Here's a strange career arc for a gifted young film actor: Would you cast aside your promising future as a performer to become assistant to the most brilliant, perfectionist and demanding moviemaker of the 20th century?

An odd choice, surely, but one that Leon Vitali couldn't resist when the opportunity arose to become Stanley Kubrick's factotum. A popular British TV actor earlier in his career, Vitali said after seeing "A Clockwork Orange," "I will work for that man."

He reached the pinnacle in 1975 with what began as a small role in Kubrick's brilliant 18th-century aristocratic saga "Barry Lyndon." Playing Lord Bullingdon, the angry, frightened heir who faces a conflict with a bumpkin interloper stealing his birthright, the 25-year-old Vitali delivered the story's tragic conclusion, a scene that many consider the greatest dueling sequence in cinema history.

Kubrick wrote that climactic episode and several more featuring Vitali deep in the film's production because he saw Vitali delivering much more than a supporting role. Vitali endured 30 takes of a real on-screen beating from the film's star Ryan O'Neal, with Kubrick ordering O'Neal to hit harder.

The documentary "Filmworker" by Tony Zierra uses scores of clips from the classics, including abundant behind-the-scenes material, to appraise the quarter-century of Vitali's deep commitment to Kubrick, the genius who was already behind some of the greatest films ever made, from "Paths of Glory" to "Lolita," "Dr. Strangelove," "2001: A Space Odyssey" and "A Clockwork Orange." He stood alone with his pioneering advances in special effects and unconventional approaches to storytelling; who can say confidently what any genre-smashing Kubrick film is truly about? It's not uncommon for film scholars to attribute a 200 IQ to Kubrick. On the basis of Zierra's new film, that strikes me as a bit low.

So moved was Vitali by Kubrick's personal guidance and vision while acting on "Barry Lyndon" that he volunteered to became his assistant in any capacity available. The offer was accepted. With Kubrick's control-freak demand of precise, unlimited work done at all times every day of every week, decades of divine suffering followed.

As his own producer Kubrick was famously frugal, rewarding Vitali with a pittance of salary and rare moments of gregarious social contact. Stories of Kubrick driving some of his cast to the razor's edge of madness with hundreds of near-identical takes are common. "Filmworker" shows how he applied the same demands to his off-screen crew.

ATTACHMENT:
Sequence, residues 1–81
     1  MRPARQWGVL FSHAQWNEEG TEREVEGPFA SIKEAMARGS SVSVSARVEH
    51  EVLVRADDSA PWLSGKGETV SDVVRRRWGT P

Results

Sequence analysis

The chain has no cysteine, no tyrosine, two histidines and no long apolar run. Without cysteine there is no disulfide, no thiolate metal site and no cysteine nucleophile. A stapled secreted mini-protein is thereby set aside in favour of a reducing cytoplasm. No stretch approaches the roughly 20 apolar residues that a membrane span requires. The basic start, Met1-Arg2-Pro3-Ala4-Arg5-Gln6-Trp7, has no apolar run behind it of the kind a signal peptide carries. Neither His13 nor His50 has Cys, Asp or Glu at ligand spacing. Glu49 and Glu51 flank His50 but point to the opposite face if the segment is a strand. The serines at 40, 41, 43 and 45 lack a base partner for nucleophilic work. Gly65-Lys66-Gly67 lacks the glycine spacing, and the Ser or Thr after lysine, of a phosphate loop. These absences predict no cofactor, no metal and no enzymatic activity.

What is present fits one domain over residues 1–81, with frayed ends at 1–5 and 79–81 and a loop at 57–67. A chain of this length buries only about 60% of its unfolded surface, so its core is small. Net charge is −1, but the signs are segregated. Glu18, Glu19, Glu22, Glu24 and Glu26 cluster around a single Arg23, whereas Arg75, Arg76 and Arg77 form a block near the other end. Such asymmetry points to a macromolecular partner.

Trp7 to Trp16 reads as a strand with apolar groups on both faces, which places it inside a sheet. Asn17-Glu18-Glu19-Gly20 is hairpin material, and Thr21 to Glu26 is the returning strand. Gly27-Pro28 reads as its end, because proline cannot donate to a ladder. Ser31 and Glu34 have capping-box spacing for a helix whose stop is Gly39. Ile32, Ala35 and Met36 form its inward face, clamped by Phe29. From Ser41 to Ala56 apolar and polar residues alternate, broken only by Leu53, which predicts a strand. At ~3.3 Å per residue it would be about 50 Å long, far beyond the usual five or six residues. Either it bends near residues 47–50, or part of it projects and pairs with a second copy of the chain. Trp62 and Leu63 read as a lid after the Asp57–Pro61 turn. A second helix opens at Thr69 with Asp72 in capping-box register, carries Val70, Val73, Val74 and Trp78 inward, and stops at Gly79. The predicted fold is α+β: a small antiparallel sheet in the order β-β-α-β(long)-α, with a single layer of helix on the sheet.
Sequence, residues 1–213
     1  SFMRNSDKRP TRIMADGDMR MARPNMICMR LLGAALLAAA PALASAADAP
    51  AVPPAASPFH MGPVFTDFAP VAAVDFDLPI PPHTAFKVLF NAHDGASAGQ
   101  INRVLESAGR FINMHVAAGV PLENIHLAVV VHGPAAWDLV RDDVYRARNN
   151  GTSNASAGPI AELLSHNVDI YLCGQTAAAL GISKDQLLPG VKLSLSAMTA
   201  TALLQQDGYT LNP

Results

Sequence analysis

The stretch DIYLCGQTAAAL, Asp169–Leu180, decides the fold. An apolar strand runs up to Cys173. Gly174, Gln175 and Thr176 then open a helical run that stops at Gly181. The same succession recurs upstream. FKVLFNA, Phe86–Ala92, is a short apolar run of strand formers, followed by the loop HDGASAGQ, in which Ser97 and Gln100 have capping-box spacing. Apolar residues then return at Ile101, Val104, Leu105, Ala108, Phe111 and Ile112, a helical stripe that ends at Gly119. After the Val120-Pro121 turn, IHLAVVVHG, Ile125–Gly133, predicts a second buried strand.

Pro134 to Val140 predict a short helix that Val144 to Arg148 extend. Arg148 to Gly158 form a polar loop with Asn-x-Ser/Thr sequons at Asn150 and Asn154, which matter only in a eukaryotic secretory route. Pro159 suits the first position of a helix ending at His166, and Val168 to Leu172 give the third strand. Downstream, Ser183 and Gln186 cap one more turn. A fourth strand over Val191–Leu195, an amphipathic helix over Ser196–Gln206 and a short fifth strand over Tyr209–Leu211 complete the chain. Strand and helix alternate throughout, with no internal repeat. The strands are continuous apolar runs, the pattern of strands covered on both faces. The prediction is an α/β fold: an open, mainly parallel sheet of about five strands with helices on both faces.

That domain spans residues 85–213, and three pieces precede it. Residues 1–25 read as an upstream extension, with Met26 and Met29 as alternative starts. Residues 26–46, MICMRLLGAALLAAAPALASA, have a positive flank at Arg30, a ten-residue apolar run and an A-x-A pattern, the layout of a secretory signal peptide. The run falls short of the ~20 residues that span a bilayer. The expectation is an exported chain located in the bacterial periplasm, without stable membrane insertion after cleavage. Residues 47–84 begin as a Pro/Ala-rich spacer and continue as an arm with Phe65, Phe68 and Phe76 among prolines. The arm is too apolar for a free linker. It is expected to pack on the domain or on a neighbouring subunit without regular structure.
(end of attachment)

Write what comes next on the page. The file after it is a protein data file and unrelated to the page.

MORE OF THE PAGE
Vitali took various positions with the master. He served as Kubrick's secretary, sound artist, license negotiator, acting coach (he recruited and helped 4-year-old Danny Lloyd, who played young Danny Torrance in "The Shining," and created the unplanned roles of creepy twins who terrified Danny when he discovered sisters Lisa and Louise Burns).

He also discovered R. Lee Ermey, the unforgettable foul-mouthed Gunnery Sgt. Hartman in "Full Metal Jacket," from a real military barracks. Vitali was then sent to fire the performer who had been guaranteed the role. As Vitali says, it "was the not-so-fun part of the job."

He was a 16-hour-a-day visual consultant supervising precisely calibrated new prints for Kubrick's films. He worked in almost every capacity in "Eyes Wide Shut," returning to the screen as the masked orgy master Red Cloak.

Draining as the work was, Vitali used it all as an unlimited backstage pass to Kubrick's master class in creating movie masterpieces. The documentary mildly implies that his obsessive serfdom drove Vitali a bit mad, but it's a masochistic gesture that many a film geek can understand. If you could be Leonardo's scullery maid or Einstein's chauffeur, wouldn't you?

Vitali served as Kubrick's creative Jeeves and devoted Jack of all technical trades until the master's death in 1999 directly after finishing the final cut of "Eyes Wide Shut." It was not an ending easy to accept for a devotee who had difficulty perceiving his master as mortal, and it's clear in this film that Vitali still strongly feels the loss.

Beyond serving as the custodian of Kubrick's work, supervising preservation, restorations and rereleases, he has held onto the filmmaker's legacy in touchingly personal ways. When Kubrick's work became the focus of a major show at the Los Angeles LACMA art museum, Vitali, who lives in Southern California, was not offered an opportunity to curate the exhibition. So he quietly offered his time and expertise to guide groups through the legendary auteur's unique intersection of art and cinema.

"Filmworker" is partly a portrait of Vitali, who will turn 70 in July. But he largely, modestly stands aside, sharing his insights into the visionary artist he served. And if you want to know whether Kubrick really faked the Apollo 8 moon landing in 1968, there's no one more trustworthy to ask. No one on Earth, anyway.